Regarding applying that piece of contact paper, you can take the whole backing off and set it on like a giant sticker- reasonably easy to do.  But for the kids to do it (and maybe adults, too- whatever you prefer), this is a better method:  Start to remove the backing from one edge of the contact paper.  Set it on the cut out shape and adhere the edge, make sure the whole piece sits squarely over the cut-out.  Then pull the loose edge of the paper backing from underneath the contact paper and smooth it down as you pull off the backing. I did “burnish” the surface to get it to stick better once it was properly placed, but only for the front- the kids didn’t burnish the inside.   To burnish I used the handles of my scissors to rub the contact paper and get it to adhere better to the notebook.

           

Now for some inside decoration.  I used shaped paper punches (butterflies, stars, helicopters, and planes) and fine glitter in the little shaker containers.  I punched a full 8 1/2″x11″ paper of each, and for 66 kids that was sufficient.  It also kept things simpler with only one color choice for each punched shape.  Adults handed out the shapes to the kids- a small pinch of punched shapes goes a long way.  I handed out the last of my stars and almost all my butterflies to the last crew that came through, but no one lacked any.  Stick the paper punch outs on first, then the glitter.  Don’t get too crazy with the glitter, or less of the contact paper will stick.  Also, be sure to brush off excess glitter from the inside cover before trying to put on the contact paper so it has more places to adhere to seal in all those decorations.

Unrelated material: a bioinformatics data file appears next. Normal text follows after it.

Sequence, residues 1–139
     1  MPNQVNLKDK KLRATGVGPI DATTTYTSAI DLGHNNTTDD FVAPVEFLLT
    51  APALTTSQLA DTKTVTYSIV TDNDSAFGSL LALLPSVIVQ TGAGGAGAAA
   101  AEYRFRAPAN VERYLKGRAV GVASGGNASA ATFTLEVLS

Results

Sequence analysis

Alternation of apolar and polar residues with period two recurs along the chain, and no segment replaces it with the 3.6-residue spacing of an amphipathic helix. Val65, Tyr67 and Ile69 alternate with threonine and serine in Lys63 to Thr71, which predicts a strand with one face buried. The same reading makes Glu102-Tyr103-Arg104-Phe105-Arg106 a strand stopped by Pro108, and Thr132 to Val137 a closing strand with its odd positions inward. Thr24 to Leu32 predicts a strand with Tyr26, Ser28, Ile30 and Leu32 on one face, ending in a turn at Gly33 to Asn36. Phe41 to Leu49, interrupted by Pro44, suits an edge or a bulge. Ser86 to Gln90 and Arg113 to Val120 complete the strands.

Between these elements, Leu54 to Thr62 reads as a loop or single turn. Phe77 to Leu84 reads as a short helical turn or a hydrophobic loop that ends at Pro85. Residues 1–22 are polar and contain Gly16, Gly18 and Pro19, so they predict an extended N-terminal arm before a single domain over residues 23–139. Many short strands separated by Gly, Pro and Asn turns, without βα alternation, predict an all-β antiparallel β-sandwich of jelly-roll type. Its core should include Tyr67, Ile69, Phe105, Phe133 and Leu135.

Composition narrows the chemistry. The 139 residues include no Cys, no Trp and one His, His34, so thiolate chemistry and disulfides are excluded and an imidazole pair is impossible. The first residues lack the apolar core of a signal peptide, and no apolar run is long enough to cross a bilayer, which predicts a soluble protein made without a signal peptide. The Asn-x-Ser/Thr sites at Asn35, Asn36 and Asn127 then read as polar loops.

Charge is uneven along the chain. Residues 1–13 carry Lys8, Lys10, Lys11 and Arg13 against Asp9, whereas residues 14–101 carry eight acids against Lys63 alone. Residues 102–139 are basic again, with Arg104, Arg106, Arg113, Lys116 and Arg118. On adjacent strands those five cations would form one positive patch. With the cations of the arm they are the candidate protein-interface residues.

I tried crayon shavings at home and melted them with an iron after I put the contact paper on.  They turned out okay, but the melted crayons aren’t an appealing look where they seep into the notebook cover.  It’s most obvious around the clown nose below.

Once the decorations are in and the cover is swept clear of excess glitter, The inner piece of contact paper can be put on. (Review directions above for the easiest way for the kids to apply the contact paper themselves, or at least help.)

Done!

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So I tried yet another homemade play dough recipe the other day.  But this one was better than any I’ve tried before- as close to the “real” thing as I think you can get.  It even works in those silly play dough machines.  I saw it on pinterest and checked it out at Modern Parents Messy Kids.  Click here for the full post and recipe instructions.  Here’s what you’ll need:

1 c flour

1 c warm water

2 T salt

2T cream of tartar

2T cooking oil

1-3 oz pack of Jello

 

It all goes into the pot, gets mixed thoroughly, and cooked. Then cool and knead.  If you’ve made cooked play dough before, you know the drill.  If not, make sure you check out MPMK for the full tutorial.

I tried it with unflavored gelatin (like Knox) as well, and it turned out just as wonderful. Use 1-1oz package or 1 Tablespoon if you’ve bought it in bulk like I have.

This is now my go-to recipe!  Hope you like it as much as I do.